Utah students aren't the only ones who will soon get letter grades for their work.
Gov. Gary Herbert Wednesday signed SB59, which requires grades of A, B, C, D and F be given to schools based on students' proficiency and progress in language arts, math, science and writing and, in high schools, their graduation rates and measures of college and career readiness.
The legislation directs the State Office of Education to model how the grading would work and then suggest changes before the next legislative session. Schools could then start receiving official grades in 2012. The idea was inspired by Florida's system of grading schools, which former Florida Gov. Jeb Bush described to lawmakers during a visit to Utah last year.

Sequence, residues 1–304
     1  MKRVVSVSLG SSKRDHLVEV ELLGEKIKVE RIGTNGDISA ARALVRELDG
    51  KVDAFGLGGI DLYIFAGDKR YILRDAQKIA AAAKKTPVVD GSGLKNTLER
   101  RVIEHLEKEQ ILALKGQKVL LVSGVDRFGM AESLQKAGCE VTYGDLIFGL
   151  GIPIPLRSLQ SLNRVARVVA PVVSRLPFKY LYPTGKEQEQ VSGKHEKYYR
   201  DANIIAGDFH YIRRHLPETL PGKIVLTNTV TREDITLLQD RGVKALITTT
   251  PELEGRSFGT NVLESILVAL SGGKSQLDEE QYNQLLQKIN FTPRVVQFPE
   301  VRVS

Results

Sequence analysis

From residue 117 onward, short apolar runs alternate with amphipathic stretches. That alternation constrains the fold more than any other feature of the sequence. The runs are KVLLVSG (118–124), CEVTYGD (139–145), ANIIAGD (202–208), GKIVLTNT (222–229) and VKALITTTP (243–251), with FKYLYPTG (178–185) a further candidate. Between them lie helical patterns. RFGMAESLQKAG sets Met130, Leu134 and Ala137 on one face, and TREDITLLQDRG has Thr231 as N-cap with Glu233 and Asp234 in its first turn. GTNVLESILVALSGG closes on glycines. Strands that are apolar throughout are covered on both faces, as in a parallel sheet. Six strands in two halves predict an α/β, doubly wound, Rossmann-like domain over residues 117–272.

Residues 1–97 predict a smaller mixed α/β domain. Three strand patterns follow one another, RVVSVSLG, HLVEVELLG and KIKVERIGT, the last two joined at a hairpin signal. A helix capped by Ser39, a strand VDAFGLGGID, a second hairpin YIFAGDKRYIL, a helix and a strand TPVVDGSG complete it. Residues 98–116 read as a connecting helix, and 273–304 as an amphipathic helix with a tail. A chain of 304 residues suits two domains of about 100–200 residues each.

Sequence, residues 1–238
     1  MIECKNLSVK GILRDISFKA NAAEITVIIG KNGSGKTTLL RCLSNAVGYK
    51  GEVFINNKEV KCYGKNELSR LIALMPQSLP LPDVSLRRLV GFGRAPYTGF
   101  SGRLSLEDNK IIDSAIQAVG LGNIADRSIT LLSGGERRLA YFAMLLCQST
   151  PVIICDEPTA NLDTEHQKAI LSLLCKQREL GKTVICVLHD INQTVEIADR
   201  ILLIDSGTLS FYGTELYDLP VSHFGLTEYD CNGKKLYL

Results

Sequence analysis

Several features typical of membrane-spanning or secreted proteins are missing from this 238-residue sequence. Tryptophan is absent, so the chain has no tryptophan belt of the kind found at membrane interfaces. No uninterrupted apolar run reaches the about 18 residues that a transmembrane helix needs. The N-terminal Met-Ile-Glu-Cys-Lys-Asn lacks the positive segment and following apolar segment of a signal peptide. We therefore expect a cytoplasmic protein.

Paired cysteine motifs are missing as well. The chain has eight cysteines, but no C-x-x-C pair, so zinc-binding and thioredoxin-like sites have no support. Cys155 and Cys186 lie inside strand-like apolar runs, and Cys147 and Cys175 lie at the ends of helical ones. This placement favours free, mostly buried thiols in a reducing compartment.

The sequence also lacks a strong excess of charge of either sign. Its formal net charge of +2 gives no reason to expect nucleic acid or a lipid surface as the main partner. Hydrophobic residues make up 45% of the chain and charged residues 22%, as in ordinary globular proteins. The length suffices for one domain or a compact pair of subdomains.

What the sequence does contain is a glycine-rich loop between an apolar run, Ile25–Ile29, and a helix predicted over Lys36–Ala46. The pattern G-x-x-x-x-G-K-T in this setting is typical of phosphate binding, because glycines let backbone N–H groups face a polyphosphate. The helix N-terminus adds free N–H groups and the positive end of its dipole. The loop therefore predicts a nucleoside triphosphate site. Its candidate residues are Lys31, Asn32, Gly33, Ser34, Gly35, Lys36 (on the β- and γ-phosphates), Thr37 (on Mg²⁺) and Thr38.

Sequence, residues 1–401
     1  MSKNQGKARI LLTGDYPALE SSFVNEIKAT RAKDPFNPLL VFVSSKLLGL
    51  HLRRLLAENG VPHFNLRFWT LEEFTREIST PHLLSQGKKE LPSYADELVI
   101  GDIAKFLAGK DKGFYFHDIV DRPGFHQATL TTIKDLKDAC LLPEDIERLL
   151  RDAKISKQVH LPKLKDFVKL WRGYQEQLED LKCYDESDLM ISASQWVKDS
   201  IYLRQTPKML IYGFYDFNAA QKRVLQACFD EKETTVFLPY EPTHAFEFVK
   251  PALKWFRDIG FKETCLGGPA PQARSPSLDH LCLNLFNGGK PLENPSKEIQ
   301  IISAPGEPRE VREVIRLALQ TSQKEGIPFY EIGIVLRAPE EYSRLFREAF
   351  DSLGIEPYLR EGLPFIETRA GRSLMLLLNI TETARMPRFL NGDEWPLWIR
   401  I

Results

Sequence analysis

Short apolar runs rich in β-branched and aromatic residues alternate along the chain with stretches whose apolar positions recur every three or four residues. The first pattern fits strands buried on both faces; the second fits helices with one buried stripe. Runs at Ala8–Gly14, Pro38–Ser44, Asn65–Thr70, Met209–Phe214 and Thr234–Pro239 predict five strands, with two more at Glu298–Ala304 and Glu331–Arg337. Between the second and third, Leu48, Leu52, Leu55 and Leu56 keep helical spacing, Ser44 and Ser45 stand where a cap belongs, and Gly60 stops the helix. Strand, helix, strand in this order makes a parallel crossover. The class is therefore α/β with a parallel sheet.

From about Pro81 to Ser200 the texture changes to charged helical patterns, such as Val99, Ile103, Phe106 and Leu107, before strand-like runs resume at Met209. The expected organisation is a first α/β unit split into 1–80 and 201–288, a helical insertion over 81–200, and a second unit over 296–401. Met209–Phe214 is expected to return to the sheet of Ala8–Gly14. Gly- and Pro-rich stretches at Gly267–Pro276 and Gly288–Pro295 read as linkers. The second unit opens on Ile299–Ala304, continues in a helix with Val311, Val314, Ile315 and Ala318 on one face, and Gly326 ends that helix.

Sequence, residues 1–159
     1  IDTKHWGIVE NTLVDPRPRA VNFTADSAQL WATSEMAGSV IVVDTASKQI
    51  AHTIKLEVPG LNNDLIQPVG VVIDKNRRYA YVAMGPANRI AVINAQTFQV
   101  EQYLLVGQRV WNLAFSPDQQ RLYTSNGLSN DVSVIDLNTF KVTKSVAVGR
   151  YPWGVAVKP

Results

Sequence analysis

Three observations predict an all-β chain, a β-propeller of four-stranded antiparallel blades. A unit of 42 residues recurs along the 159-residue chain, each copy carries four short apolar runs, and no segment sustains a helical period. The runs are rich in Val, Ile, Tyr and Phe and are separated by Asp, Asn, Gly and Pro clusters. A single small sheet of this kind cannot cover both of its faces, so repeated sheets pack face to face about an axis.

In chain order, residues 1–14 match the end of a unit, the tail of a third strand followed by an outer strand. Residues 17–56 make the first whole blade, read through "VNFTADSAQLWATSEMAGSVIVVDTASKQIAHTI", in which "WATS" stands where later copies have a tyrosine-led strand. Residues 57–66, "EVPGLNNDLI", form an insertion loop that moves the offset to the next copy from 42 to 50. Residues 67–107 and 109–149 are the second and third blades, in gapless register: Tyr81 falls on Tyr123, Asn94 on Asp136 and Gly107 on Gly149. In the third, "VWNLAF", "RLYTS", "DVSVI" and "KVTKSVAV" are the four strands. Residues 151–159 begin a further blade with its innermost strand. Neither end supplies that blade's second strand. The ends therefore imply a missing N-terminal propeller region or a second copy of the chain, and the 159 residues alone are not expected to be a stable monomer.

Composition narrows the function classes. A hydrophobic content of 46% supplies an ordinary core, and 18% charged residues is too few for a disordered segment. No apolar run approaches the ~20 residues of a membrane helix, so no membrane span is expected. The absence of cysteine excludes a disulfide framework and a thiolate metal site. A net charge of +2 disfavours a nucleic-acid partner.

Supporters of the bill have said grading will make school performance more transparent and ultimately drive communities to help improve schools. Opponents have argued it will oversimplify schools' successes and challenges and result in unfair labels. They have criticized the bill for not including extra resources for schools that receive poor grades and other reforms Florida implemented along with grading.
The governor also signed two other education bills. SB73 prohibits schools from considering seniority when laying off teachers. Instead, schools will be required to base layoffs only on performance evaluations and a school's staffing needs. And SB256 requires career-status teachers to be evaluated annually while removing a provision from current law that required school districts to provide "reasonable assistance to improve performance" to educators earning poor evaluations.